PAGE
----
Aunt Maude’s tragic death

27 May

Barbados Supreme Court Building

CHRIST CHURCH, BARBADOS, MAY 27, 2012 I spent a good part of Friday at the Barbados Supreme Court in Bridgetown to see what I could find out about my father’s sister, Maude Alkins, whom he wrote about in a column when she died in February 1934.

The item simply said: “News was received Friday evening last of the death of my sister Maude Victoria, aged 26 years on Friday, February 2, at her home in Barbados, BWI. May the sod rest lightly on her.”

When the administrator at the courthouse came back with the death certificate, he commented on what a tragic, horrible death Maude’s had been. “She died in childbirth, he said, “five days of labor.”

The death certificate lists the cause of death as “Puerperal septicemia; Cardiac failure and exhaustion from prolonged and difficult labour.” The “informant” was listed as “Noel Alkins, printer,” my father’s brother. It was a role he would take on again; two years later when their mother, Malvina, died.

There was a lot of waiting and appealing (Getting such documents is not usually a one-day process. Many of the court staff worked right through their lunch hours to accommodate the lines of those seeking records.) I did not find out whether the child (or children) Maude was birthing lived or died.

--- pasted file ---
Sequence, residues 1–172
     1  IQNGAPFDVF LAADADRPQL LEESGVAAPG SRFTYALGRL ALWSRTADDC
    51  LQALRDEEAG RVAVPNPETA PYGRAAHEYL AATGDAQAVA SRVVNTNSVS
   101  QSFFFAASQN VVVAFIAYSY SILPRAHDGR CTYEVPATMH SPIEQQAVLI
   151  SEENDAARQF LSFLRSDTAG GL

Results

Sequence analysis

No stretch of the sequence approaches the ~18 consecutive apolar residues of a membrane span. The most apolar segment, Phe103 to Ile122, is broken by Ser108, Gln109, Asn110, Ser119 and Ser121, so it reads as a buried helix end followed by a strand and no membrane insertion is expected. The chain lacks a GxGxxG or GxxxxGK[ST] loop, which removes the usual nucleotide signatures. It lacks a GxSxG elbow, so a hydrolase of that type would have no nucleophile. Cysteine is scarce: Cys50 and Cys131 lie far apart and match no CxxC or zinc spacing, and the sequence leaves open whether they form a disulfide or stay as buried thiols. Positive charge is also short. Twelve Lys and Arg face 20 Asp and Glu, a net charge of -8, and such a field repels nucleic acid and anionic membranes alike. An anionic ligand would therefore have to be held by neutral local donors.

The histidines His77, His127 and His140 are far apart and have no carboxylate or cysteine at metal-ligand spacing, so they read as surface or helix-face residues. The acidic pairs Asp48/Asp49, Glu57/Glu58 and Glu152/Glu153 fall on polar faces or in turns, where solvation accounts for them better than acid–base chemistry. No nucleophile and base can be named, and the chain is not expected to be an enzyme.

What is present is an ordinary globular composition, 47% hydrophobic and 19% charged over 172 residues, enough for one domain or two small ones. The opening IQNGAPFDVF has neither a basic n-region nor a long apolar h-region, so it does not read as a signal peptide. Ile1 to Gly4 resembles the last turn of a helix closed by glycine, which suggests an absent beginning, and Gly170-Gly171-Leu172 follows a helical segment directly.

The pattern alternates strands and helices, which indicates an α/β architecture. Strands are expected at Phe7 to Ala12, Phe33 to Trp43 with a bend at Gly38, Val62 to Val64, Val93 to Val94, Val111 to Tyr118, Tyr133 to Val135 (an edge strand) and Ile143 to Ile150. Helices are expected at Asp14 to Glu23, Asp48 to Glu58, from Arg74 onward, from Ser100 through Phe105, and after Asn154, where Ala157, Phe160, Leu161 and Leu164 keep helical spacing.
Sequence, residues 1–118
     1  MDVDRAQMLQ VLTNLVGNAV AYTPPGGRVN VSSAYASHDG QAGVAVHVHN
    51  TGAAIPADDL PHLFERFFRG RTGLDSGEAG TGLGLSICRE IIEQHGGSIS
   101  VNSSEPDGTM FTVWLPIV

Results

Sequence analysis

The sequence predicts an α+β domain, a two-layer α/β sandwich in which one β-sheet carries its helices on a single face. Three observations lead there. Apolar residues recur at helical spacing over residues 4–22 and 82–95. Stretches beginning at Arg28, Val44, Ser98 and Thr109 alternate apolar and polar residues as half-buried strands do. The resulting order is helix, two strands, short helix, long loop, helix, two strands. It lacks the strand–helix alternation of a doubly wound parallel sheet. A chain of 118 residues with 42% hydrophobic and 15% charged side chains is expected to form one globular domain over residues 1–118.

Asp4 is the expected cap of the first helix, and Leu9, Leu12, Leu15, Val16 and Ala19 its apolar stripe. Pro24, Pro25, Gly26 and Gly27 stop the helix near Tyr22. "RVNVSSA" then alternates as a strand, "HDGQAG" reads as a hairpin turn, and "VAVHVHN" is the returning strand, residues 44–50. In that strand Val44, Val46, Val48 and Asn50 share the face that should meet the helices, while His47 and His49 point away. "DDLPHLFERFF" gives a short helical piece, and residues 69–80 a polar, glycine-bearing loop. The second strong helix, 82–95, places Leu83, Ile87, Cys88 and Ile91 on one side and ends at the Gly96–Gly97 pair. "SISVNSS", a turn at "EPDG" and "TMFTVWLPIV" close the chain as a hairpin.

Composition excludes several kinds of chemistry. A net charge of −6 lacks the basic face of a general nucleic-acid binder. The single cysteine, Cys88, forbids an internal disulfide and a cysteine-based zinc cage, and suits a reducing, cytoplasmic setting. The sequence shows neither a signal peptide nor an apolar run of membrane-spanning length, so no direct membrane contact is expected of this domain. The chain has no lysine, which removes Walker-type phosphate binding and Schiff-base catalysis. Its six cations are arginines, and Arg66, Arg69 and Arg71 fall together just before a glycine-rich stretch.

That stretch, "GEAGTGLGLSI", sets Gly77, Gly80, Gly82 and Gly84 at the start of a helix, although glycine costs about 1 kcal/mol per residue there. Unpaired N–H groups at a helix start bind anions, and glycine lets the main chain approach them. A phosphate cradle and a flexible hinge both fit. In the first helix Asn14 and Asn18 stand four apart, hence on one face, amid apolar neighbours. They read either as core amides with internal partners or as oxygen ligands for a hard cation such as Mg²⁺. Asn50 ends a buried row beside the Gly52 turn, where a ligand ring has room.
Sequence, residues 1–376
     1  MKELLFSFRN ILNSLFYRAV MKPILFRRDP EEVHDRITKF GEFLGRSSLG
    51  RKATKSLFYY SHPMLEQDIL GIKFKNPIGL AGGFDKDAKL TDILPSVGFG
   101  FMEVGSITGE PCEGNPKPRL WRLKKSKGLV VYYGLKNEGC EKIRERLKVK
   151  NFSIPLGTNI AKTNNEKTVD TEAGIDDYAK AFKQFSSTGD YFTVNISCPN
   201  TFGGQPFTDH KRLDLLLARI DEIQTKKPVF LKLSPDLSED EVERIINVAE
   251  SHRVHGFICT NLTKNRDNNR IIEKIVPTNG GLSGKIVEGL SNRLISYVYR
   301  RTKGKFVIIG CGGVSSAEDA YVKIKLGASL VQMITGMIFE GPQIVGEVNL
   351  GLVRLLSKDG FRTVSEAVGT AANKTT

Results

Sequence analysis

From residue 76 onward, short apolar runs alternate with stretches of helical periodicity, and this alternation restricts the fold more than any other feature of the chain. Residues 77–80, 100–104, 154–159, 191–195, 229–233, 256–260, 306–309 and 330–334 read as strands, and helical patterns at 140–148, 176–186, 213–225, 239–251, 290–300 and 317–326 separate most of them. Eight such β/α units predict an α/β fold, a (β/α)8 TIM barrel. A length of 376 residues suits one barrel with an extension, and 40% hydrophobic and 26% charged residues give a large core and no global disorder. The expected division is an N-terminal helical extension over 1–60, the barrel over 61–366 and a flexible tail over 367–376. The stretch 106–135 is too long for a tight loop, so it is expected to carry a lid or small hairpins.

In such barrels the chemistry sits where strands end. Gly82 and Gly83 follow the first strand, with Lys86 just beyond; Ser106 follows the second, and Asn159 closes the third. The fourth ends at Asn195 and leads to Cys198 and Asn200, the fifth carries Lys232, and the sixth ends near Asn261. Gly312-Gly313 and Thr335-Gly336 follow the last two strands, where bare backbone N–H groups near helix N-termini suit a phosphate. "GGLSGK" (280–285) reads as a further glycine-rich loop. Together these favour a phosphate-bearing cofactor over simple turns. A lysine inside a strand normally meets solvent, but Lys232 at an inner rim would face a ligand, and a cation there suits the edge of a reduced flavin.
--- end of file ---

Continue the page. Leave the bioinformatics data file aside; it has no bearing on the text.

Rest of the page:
Malvina did apparently have a granddaughter, Carmen, who I had assumed was Noel’s child, but perhaps not.

My father’s column item about Maude’s death seemed much more detached than what he wrote when his mother died. He did refer to her as “my” sister rather than referring to himself in his customary third-person. Of course, it is always a tragedy when you lose someone in their mid 20s, but my father’s column betrayed no indication of Maude’s agony, or that a baby died or was born an orphan.

I imagine Malvina was heartbroken at the time of her own death in 1936. She’d lost her husband just a month before her own death and two years before she had buried her own child.

This item appeared in the New York Age, August 17, 1940, four years after Malvina, my grandmother died. It is the first and only mention I have found of Carmen.

Meanwhile, I had a delightful meeting with Barbados family historian Patricia Stafford Friday morning. She took copious notes on the Wray/Ray/Alkins clan and, with no guarantees, said she would try to find more on our family’s tree.

2 Responses to “Aunt Maude’s tragic death”

  1. Anonymous May 28, 2012 at 2:28 pm #

    Aunt Maude’s tragic death occurred during a time period predated antibiotic use and cesarean sections were not routinely performed for prolonged labor, Fortunately this rarely occurs in countries with good medical care


  2. Catherine O'Brien May 27, 2012 at 3:19 pm #

    This entire blog feels like a mystery novel in installments. I love it.


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